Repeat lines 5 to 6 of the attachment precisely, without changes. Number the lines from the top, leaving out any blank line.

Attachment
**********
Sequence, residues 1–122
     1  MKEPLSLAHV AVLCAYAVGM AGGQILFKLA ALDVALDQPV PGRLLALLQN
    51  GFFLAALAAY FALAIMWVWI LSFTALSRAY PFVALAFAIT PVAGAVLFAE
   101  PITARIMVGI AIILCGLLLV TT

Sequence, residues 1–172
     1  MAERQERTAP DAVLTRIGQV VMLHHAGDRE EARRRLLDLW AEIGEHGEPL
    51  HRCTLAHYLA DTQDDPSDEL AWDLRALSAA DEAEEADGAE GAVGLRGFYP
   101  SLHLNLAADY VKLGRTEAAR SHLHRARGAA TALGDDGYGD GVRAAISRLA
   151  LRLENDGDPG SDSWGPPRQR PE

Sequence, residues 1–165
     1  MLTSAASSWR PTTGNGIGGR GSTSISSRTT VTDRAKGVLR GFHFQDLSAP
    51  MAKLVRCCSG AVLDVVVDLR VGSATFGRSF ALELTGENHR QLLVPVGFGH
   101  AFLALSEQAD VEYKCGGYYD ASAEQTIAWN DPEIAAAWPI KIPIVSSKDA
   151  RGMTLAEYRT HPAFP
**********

Sequence, residues 1–172
     1  MAERQERTAP DAVLTRIGQV VMLHHAGDRE EARRRLLDLW AEIGEHGEPL